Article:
The turnout statistics from ‘Super Thursday’ make dismal reading. Whilst turnout in Scotland and Northern Ireland crept above 50%, elsewhere it laboured below – and in some cases well below – halfway. The fact that the figures for Scotland and Wales are the second highest since devolution began is hardly a cause for celebration. And no doubt more detailed analysis will also reveal that some people – for example, the wealthier and older – were more likely to vote than others.
Amongst the lists of gloomy statistics, what particularly caught my eye was the percentage of voters who took part in the four mayoral contests – London (45.3%), Bristol (44.9%), Liverpool (30.9%), Salford (30%). Not great. But what should be done about it? What could a newly elected mayor do to boost and equalise electoral participation in their area?
Some campaigners and commentators would suggest changes focussed on electoral procedures. Debates about online voting, automatic voter registration, polling station opening hours and so on feature here. Other analysts would point to a need for more charismatic candidates and the beneficial effect of tightly fought contests.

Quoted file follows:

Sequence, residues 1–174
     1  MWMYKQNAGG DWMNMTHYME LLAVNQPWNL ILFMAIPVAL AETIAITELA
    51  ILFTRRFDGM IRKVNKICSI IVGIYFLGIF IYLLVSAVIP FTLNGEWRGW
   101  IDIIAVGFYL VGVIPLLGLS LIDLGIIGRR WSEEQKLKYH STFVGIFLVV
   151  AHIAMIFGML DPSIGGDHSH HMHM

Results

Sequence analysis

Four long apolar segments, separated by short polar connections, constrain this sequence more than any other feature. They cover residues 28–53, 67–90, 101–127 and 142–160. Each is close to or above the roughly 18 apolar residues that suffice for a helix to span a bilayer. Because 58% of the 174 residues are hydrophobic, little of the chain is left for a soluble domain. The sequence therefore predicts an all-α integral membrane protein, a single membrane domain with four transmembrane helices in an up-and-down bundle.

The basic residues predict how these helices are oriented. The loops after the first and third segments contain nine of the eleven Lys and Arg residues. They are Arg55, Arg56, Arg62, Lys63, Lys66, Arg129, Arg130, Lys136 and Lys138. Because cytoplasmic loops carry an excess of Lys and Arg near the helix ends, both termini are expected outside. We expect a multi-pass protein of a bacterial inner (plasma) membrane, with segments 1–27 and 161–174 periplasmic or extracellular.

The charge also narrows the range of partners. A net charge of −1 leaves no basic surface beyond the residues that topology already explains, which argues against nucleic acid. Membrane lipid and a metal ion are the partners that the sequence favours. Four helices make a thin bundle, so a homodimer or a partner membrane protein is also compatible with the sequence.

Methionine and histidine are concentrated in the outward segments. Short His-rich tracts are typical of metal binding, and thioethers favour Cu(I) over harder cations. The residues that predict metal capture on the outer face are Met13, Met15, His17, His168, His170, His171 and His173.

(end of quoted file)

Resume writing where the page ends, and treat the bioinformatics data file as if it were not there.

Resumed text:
Some of these ideas might well make a small difference – and some of them, particularly around voter registration should have been implemented long ago. But as a set of solutions, they seem to me to be focussed in the wrong place. If people are not voting because they don’t believe it makes a difference, because they don’t trust politicians, or because the world of politics feels remote from their lives, then making voting more convenient is not going to result in many more people rushing to the ballot box.
Instead, the new mayors could take a three-step approach to raising turnout:
A project structured around these three steps would, in my view, have the potential to transform electoral participation in local areas. It could also serve as a model for other parts of the UK – and even further afield. I hope at least one of the new mayors will make it happen.
All turnout statistics used in this article were kindly provided by Chris Terry, Research Officer, Electoral Reform Society.
Image credit: RachelH_, Flickr creative commons